Two medical devices approved by the FDA within the past year – a miniaturized pacemaker that doesn't have any wires and a coronary stent that gradually dissolves in the body – are showing promise as effective treatments for people with certain heart and vascular problems.

The new pacemaker, called the Micra Transcatheter Pacing System, is just an inch long, about one-tenth the size of traditional devices, and is the first "leadless" pacemaker to be approved for use in the United States.

Conventional pacemakers, surgically implanted devices that generate electrical impulses to treat irregular or stalled heartbeats, are placed under the skin near the collarbone and connected to the heart by lead wires that run through a vein. The Micra's smaller size, however, allows it to be implanted directly in the heart's right ventricle chamber. This eliminates the lead wires and the problems associated with them, which can include infection and interference with other medical treatments such as chemotherapy and diagnostic tests such as MRIs.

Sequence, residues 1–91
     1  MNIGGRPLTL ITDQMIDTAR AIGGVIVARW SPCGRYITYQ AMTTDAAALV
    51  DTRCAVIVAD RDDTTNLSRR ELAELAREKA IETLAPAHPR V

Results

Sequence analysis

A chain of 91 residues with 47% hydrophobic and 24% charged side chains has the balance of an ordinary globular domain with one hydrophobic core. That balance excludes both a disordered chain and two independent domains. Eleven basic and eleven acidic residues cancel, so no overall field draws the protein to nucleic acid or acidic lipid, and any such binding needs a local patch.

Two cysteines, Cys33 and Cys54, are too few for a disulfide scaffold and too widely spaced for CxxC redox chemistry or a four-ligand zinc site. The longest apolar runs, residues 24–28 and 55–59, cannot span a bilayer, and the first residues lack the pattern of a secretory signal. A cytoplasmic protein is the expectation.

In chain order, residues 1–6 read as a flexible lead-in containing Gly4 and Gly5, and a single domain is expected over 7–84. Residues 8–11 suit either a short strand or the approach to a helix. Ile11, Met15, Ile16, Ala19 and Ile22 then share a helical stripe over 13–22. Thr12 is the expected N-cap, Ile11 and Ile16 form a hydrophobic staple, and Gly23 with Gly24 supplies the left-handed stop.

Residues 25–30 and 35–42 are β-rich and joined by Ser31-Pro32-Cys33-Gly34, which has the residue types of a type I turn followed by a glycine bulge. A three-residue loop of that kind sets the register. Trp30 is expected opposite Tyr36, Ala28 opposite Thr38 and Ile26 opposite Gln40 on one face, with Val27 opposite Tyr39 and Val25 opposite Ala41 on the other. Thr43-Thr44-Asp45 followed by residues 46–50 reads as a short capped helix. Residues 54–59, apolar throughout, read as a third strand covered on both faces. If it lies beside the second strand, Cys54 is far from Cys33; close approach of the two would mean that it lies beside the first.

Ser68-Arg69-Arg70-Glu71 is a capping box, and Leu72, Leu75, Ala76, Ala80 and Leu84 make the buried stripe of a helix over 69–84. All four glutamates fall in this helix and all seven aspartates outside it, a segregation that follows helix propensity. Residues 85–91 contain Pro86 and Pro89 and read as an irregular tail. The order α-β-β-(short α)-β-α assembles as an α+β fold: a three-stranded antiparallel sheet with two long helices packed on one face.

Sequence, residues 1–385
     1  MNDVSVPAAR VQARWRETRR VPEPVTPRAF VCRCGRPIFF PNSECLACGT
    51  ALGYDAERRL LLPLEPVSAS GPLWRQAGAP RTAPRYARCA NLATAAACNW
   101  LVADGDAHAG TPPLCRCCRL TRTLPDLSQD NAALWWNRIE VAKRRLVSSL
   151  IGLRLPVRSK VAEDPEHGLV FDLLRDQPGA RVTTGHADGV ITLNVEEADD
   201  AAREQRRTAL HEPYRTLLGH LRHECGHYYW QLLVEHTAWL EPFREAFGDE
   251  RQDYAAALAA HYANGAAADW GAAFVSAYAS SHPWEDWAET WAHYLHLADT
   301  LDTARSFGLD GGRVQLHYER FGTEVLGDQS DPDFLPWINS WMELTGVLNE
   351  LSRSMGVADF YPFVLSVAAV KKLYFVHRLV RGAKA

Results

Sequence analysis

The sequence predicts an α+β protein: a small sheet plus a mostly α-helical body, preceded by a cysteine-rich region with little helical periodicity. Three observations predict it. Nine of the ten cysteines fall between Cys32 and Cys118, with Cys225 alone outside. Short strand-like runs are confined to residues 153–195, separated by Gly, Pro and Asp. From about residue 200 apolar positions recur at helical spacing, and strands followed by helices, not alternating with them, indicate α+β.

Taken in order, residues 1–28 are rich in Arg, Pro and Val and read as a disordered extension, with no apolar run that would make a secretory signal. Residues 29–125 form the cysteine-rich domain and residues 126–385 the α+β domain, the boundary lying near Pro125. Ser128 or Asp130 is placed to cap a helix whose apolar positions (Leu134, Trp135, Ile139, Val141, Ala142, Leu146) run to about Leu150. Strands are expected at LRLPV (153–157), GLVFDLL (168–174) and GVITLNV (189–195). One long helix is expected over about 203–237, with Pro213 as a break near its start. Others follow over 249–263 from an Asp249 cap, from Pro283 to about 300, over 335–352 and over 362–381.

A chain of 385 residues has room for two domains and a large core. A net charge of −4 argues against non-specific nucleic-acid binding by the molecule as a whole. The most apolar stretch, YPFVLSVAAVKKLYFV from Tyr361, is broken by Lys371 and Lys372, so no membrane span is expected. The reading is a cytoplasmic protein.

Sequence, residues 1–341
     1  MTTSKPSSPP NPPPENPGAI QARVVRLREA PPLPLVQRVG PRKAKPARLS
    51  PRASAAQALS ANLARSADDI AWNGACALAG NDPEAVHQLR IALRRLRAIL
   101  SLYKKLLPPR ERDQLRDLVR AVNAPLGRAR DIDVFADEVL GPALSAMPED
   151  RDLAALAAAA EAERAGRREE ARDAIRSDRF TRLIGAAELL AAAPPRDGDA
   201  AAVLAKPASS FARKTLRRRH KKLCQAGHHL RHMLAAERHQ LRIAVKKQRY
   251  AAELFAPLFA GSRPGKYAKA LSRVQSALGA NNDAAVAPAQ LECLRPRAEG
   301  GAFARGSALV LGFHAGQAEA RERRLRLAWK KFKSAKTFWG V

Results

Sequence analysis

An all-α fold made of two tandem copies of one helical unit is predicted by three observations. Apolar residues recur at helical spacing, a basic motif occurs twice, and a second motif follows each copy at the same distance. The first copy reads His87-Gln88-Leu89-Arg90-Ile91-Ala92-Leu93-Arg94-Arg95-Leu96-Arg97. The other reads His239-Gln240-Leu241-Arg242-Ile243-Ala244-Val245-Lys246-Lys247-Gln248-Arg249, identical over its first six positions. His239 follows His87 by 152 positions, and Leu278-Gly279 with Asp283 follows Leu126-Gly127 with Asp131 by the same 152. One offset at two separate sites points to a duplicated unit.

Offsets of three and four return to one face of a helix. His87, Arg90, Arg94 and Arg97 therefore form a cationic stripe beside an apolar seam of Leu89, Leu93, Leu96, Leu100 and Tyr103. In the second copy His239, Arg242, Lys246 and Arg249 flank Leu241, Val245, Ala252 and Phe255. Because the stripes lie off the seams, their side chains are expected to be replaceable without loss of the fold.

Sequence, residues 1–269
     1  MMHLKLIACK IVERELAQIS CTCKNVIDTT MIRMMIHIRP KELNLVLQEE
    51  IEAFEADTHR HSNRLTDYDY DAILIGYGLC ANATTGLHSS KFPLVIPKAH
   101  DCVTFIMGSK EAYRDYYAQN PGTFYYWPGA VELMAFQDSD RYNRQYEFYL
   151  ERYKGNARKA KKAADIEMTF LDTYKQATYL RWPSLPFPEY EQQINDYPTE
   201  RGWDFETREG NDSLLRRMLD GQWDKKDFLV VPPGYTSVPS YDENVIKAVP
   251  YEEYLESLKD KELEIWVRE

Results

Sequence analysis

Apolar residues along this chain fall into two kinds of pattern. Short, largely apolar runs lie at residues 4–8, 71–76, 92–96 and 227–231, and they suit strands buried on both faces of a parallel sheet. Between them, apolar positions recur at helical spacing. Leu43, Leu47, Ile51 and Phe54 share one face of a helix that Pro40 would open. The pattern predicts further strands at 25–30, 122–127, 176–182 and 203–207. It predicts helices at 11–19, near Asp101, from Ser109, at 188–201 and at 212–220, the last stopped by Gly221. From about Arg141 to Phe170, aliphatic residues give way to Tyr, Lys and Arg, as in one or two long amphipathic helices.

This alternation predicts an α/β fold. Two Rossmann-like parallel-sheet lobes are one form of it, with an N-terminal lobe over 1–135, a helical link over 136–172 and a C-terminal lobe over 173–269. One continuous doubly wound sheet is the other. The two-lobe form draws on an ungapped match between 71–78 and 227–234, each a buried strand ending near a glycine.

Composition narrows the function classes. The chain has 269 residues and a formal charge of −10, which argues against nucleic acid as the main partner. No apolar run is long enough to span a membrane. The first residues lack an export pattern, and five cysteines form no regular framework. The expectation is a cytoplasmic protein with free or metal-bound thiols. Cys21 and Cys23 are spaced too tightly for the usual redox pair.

At Wake Forest Baptist Medical Center, the new pacemaker has been employed to treat bradycardia, an abnormally slow heart rate that can cause dizziness and fainting spells and lead to heart failure.

"Slow heartbeat is increasingly common as people age, and it can be compounded by medications used to treat other problems," said Patrick Whalen, M.D., director of electrophysiology at Wake Forest Baptist. "The Micra and devices like it will change how we treat patients with slow heartbeats in the future."

Doctors at Wake Forest Baptist also have begun to use a newly approved stent. The device, called the Absorb GT1 Bioresorbable Vascular Scaffold System, is the first fully absorbable stent for the treatment of coronary artery disease, the most common type of heart disease. Coronary artery disease is frequently treated with the insertion of a stent – a tiny mesh tube – into an artery clogged by plaque to hold it open and restore the free flow of blood. Many stents are coated with drugs that help keep the artery from re-closing.

Most stents are made of metal and remain in the body permanently, which can produce negative side effects in some people. The Absorb scaffold, on the other hand, is made of a biodegradable polymer that is gradually absorbed by the body and completely dissolves after about three years. The device also releases a drug to prevent the artery from narrowing again.